A culture also collapses if its words are interchangeable. We all know militaristic euphemisms for destruction. "Taking out" someone is not quite the same thing as "take-out" Chinese food—but if we can accept a language that says "taking out" does not mean death or annihilation, if we accept that as a conventional public metaphor, something happens to morality and to the ethic contained in the word as well.Derek Walcott, "Interview with Bill Moyers"
—IF U CN RD THSu cn gt a gd jb w hi pa!So thinks a sign in the subway.Think twice when letters disappearInto Commodity's black hole—No turning back from that career.This counterspell may save your soul.James Merrill, Collected Poems
Where else in the eight-hundred-fifty-plus pages of the Collected Poems of James Merrill would there be a typo but in that epic poem of misplaced episodes, "Losing the Marbles"?!
Morning spent looking for my calendar—Ten whole months mislaid, name and address,A groaning board swept clean . . .And what were we taking about at lunch? AnotherMarble gone . . . .(Collected Poems 572)1 [End Page 119]
The line, published years earlier in The Inner Room (1988), should read: "And what were we talking about at lunch?" It seems that when the diners met again years later, their lunch plans had been changed. Rather than talking, conversing, sharing, they would now be possessing, in effect "having" words. The typo, which jumps out like a bad pun on a Christmas card—"no el, no el"—ironically literalizes the exchange of words that had originally been the diners' objective. But, as we soon learn in section two of "Losing the Marbles," this is a poem that will always be "exchanging the wrong words." Between the intended "talking" and the unintended "taking" lies the difference between conversation and violence, between what is expected of meaningful language and what is known of social behavior. Merrill's poem is about loss, but it is also about recovery. Just as the older mind can lose itself at lunch, so can a poet lose a poem, or a nation its cultural history. For what it's worth, Merrill holds out hope that the mind and the poet and the country can eventually heal, finding in the nooks of memory or the floorboards of the study or the spaces abroad that lost marble again. For a poem that is all about losing, the typo cannot help but name itself as "taking," and, in turn, it gets us talking about culture, modernity, and those loud and timely trains of thought that run overhead.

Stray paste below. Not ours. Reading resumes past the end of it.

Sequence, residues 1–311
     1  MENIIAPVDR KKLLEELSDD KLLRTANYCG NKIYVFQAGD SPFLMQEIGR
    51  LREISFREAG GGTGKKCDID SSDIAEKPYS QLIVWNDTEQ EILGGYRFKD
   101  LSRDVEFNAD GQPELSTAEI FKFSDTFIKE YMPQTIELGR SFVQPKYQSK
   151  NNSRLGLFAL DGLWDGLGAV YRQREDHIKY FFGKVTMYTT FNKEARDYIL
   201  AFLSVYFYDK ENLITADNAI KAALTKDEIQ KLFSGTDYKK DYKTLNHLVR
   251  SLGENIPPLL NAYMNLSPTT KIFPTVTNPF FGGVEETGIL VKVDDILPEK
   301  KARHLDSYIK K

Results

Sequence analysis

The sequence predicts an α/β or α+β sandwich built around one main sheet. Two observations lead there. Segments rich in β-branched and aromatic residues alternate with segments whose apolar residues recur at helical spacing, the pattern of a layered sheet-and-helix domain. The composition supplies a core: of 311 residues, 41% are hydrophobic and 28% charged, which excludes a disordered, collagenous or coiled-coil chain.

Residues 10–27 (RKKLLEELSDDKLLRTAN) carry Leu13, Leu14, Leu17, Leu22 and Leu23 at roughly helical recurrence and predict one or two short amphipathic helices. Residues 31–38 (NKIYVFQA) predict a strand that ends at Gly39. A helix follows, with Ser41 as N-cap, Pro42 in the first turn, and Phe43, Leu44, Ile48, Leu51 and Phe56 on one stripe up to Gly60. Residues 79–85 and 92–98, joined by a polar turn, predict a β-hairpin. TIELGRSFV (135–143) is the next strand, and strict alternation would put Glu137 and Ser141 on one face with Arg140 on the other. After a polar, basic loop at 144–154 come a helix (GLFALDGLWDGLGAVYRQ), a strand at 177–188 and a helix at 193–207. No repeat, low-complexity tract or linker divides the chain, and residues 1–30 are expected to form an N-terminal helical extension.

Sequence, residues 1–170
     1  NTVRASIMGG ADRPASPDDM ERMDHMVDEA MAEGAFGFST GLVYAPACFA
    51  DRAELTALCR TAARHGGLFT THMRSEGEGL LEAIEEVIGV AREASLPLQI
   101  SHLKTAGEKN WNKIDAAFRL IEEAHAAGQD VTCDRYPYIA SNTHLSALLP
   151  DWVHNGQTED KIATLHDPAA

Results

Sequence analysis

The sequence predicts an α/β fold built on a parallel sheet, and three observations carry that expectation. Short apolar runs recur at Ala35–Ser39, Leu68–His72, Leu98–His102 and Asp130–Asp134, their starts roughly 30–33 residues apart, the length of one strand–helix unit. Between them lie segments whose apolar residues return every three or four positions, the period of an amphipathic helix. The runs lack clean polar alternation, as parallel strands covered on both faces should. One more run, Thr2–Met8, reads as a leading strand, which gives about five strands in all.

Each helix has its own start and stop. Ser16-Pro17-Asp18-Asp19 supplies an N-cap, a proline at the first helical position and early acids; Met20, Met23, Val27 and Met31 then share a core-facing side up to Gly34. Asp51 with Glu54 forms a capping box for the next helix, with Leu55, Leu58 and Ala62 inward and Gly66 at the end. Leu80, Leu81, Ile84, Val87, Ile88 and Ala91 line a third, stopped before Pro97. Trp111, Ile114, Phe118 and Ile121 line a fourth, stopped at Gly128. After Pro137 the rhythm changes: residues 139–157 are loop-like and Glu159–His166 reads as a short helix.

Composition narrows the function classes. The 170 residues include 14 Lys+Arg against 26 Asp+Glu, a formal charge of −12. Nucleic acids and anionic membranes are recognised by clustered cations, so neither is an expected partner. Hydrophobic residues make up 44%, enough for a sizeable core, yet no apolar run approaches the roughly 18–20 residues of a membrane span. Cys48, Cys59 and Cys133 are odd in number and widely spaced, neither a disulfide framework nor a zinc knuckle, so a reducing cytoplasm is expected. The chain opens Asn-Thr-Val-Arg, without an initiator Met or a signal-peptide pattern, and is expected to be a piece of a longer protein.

Merrill's poetic laboratory, which itself scrutinizes of the microbes of language, becomes an excellent space for exploring the typo as a mode of critical study and as a form of rhetoric—that which exploits the relationship between language use and social influence. Merrill, more than almost any other, is interested in the meaningful accident, which is neither a formal property of language nor a historical occurrence but both at once. He writes,
Two winters ago in Key West, we were talking at dinner about memory lapses, a topic increasingly relevant to everyone present. John Brinnin quoted Lady Diana Duff Cooper, who stayed young and beautiful for nearly ninety years. It seems that whenever a fact or a name slipped her mind, she would shrug and say cheerfully, 'Oh well—another marble gone!' In a flash the image of the Acropolis in Athens appeared on my inner screen, and with it the history of Lord Elgin in the early nineteenth century, removing and carrying off to London most of the Parthenon sculptures.(Collected Prose 144-45)2 [End Page 120]
The poet senses in the idiom that lost memories could be given a materiality, as though they could be preserved in a pouch or museum, as though they could be found and taken by someone else. Relating the capacities of personal memory to the politics of national memory is no accident, but it draws upon an accidentalness in a cultural code, where "losing one...